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New polling data shows the challenge facing Jeremy Corbyn

Exclusive YouGov research for the New Statesman shows how Corbyn's support base crucially differs from Labour's target voters.

Successful party leaders marry the enthusiasms of their supporters to the mood of the wider electorate. By this test, Jeremy Corbyn looks destined to fail. Exclusive YouGov research for the New Statesman finds that the two groups are divided by a gulf that is unprecedented in modern British politics.

Those who voted for Jeremy Corbyn overwhelmingly describe themselves as left-wing. They reject capitalism, and they admire Tony Benn more than they admire Tony Blair. Two-thirds of them want to abolish private schools and the monarchy, and favour higher taxes to pay for greater welfare.

Labour’s target voters think none of these things. Nor do many current Labour supporters. The table gives the main findings. The first column sets out the views of those who voted for Corbyn to be party leader. The final three columns are taken from a separate survey of more than 10,000 electors. Currently, just over a quarter would vote Labour; a further 20 per cent would consider doing so. To win in 2020, Labour must retain the support of almost all its present supporters and at least half its potential voters.

Our figures show how hard this will be. While 81 per cent of those who voted for Corbyn say they are “very” or “fairly” left-wing, a mere 15 per cent of potential Labour voters and 25 per cent of “weak” supporters do so. (“Firm” supporters are those who identify fairly strongly or strongly with the party: “weak” supporters would vote Labour now but don’t identify strongly with it.)

Should Corbyn tack to the centre and compromise on his long-held views? He has already performed U-turns on a number of issues, such as Europe. He accepts that abolishing the monarchy will have to wait.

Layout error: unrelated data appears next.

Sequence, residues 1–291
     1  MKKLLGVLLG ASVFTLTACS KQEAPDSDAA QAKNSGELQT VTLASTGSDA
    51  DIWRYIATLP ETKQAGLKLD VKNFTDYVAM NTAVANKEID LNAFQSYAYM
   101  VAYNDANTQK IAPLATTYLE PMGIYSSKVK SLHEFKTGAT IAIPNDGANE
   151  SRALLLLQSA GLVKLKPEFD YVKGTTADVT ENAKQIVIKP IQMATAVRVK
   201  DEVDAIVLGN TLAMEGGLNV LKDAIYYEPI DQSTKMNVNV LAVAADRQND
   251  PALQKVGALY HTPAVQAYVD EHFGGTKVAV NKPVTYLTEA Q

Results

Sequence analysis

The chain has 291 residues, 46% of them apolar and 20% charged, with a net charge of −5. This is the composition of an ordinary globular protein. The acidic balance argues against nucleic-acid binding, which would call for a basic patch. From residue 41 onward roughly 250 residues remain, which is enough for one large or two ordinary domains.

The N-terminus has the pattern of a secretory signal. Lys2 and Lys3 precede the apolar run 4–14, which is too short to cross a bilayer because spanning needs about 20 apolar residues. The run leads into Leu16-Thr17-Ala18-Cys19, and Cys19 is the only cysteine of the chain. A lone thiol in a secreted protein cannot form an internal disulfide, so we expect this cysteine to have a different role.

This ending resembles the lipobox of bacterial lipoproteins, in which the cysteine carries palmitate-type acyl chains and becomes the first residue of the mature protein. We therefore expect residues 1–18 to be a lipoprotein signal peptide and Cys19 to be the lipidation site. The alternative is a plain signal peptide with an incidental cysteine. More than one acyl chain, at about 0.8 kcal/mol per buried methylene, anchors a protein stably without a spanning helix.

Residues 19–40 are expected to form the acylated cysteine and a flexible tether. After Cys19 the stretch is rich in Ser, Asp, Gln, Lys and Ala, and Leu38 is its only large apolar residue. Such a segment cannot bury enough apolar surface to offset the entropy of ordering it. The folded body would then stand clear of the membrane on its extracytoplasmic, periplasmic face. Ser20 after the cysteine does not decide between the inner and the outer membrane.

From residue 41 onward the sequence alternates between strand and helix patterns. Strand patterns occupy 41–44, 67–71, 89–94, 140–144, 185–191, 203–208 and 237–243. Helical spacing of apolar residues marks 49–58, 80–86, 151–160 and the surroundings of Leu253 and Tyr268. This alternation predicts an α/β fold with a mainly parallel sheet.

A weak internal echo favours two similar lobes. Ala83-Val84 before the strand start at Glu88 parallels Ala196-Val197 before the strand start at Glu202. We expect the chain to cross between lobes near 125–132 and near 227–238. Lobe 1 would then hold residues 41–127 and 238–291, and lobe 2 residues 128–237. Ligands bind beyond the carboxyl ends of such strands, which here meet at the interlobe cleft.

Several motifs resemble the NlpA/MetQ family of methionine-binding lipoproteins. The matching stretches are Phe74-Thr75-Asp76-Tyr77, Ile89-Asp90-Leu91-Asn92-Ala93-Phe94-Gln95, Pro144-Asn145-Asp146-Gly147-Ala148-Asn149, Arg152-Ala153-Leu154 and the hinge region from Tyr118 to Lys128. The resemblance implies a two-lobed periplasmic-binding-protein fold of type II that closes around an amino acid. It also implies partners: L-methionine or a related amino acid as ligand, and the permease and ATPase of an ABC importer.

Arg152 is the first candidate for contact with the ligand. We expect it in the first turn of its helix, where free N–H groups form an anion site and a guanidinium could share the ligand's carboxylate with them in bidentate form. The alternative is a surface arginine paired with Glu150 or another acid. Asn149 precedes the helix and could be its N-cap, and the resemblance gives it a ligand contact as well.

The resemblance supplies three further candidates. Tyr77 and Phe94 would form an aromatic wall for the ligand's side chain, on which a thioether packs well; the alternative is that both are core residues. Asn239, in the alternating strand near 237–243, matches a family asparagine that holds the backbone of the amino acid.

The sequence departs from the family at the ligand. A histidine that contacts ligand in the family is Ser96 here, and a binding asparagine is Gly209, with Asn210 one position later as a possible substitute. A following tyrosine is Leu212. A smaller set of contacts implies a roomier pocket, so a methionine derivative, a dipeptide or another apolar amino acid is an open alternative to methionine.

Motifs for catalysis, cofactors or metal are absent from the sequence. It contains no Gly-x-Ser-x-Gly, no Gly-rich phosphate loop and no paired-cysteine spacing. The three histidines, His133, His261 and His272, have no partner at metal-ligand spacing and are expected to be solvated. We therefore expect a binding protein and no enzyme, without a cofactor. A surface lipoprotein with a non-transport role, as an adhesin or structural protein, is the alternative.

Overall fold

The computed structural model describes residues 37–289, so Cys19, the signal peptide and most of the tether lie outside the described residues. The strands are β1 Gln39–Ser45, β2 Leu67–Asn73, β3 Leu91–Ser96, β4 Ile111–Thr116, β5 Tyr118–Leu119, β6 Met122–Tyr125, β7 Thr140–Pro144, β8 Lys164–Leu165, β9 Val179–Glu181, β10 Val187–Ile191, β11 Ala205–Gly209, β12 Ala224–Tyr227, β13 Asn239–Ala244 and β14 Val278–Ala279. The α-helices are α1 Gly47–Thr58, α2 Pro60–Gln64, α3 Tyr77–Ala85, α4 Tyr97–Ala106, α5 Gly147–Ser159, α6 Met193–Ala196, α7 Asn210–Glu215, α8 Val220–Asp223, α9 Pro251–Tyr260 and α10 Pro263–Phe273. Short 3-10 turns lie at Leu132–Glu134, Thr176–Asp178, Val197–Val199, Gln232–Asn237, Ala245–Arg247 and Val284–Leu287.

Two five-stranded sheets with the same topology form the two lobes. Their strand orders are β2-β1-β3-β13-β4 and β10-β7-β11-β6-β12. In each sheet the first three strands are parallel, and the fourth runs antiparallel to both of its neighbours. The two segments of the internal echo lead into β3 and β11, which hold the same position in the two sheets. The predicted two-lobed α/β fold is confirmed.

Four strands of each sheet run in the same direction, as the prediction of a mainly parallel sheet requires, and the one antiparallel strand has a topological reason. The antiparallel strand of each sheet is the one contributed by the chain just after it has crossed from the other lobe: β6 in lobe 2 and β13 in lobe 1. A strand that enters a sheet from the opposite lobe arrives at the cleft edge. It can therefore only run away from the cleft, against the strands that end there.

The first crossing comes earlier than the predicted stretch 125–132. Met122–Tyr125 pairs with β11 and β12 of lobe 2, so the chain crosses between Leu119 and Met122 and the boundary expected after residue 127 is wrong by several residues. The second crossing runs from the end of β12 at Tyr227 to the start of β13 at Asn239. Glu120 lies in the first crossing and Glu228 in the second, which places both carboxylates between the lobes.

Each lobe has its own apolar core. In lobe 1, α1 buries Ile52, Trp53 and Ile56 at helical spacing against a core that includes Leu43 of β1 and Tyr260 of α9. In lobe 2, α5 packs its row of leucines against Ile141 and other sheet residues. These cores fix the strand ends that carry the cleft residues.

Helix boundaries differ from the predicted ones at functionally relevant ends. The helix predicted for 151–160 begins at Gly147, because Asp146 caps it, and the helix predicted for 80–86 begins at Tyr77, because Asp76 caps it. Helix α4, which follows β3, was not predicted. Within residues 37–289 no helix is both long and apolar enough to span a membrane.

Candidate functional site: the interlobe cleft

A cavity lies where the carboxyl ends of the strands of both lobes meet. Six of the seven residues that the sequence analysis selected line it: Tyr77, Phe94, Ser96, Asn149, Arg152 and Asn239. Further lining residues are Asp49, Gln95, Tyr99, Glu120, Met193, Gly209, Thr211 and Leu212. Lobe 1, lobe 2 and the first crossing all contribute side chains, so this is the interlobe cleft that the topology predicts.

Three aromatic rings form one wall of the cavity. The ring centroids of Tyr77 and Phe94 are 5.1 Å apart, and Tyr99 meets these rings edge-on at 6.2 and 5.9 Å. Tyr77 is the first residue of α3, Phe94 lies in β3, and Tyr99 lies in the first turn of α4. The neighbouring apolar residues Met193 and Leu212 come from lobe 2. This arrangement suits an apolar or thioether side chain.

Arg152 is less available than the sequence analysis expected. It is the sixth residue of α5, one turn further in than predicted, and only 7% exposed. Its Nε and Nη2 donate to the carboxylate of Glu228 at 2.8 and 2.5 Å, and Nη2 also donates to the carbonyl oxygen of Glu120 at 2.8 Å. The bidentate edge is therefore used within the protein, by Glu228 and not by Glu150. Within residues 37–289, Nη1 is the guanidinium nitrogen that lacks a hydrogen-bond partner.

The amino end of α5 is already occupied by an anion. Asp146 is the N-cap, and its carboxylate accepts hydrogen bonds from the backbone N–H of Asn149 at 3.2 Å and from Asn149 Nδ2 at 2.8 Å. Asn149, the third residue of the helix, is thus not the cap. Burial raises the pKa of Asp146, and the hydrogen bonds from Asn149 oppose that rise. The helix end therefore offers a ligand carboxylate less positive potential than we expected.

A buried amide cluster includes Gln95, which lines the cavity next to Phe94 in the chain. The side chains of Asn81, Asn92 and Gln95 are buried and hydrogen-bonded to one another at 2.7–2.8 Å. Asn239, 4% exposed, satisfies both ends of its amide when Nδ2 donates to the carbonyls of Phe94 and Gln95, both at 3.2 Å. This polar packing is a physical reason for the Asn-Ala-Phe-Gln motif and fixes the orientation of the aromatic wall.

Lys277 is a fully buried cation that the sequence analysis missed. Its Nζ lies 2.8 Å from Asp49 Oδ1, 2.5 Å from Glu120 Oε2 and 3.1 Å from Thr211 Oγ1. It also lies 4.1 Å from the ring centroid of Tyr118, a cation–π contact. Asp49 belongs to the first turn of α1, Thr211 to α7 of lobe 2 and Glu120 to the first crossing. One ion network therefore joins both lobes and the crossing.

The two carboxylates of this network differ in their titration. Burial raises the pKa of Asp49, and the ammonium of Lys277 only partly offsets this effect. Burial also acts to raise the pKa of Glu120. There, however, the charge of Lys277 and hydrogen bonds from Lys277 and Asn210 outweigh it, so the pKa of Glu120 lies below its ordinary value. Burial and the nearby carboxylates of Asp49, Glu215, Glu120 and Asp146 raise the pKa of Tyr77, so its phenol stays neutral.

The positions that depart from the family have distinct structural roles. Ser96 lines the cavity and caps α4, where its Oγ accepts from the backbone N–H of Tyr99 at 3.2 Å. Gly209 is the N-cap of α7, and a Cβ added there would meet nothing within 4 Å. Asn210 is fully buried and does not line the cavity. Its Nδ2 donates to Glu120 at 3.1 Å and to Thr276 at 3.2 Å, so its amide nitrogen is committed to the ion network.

However, if he abandons the beliefs he has embraced for more than 30 years, he faces a double risk. On the one hand, the people he needs to attract may reject him as a cynical leader, hiding his true feelings to win votes; on the other hand, those who voted for him may accuse him of betraying the very principles that he proclaimed so clearly in his leadership campaign.

Corbyn’s other option, of course, is to hold firm to his views, make the case for red-blooded socialism, and persuade millions of voters to back his crusade. If he truly believes in it, he should do so – and set out to prove me wrong.

The data
 

Peter Kellner was President of YouGov from 2007 to 2015. Prior to that, he worked as a journalist for Newsnight, the New Statesman, and others.

This article first appeared in the 24 September 2015 issue of the New Statesman, Revenge of the Left

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Will the Brexit Cabinet talks end in a “three baskets” approach?

The joy of the three baskets idea is that everyone gets to tell themselves that it will be their basket that ends up the fullest. 

It's decision day in the Brexit talks. Again.

The Brexit inner Cabinet will meet to hammer out not its final position, but the shape of its negotiating position. The expected result: an agreement on an end state in which the United Kingdom agrees it will follow EU regulations as it were still a member, for example on aviation; will agree to follow EU objectives but go about them in its own way, for example on recycling, where the British government wants to do more on plastic and less on glass; and finally, in some areas, it will go its way completely, for instance on financial services. Or as it has come to be known in Whitehall, the "three baskets" approach.

For all the lengthy run-up, this bit isn't expected to be difficult: the joy of the three baskets idea is that everyone gets to tell themselves that it will be their basket that ends up the fullest. There are two difficulties: the first is that the EU27 won't play ball, and the second is that MPs will kick off when it emerges that their preferred basket is essentially empty.

The objections of the EU27 are perhaps somewhat overwritten. The demands of keeping the Irish border open, maintaining Europol and EU-wide defence operations means that in a large number of areas, a very close regulatory and political relationship is in everyone's interests. But everyone knows that in order for the Conservative government to actually sign the thing, there is going to have to be some divergence somewhere.

The bigger problem is what happens here at home when it turns out that the third basket - that is to say, full regulatory autonomy - is confined to fishing and the "industries of the future". The European Research Group may have a few more letters left to send yet.

Stephen Bush is special correspondent at the New Statesman and the PSA's Journalist of the Year. His daily briefing, Morning Call, provides a quick and essential guide to domestic and global politics.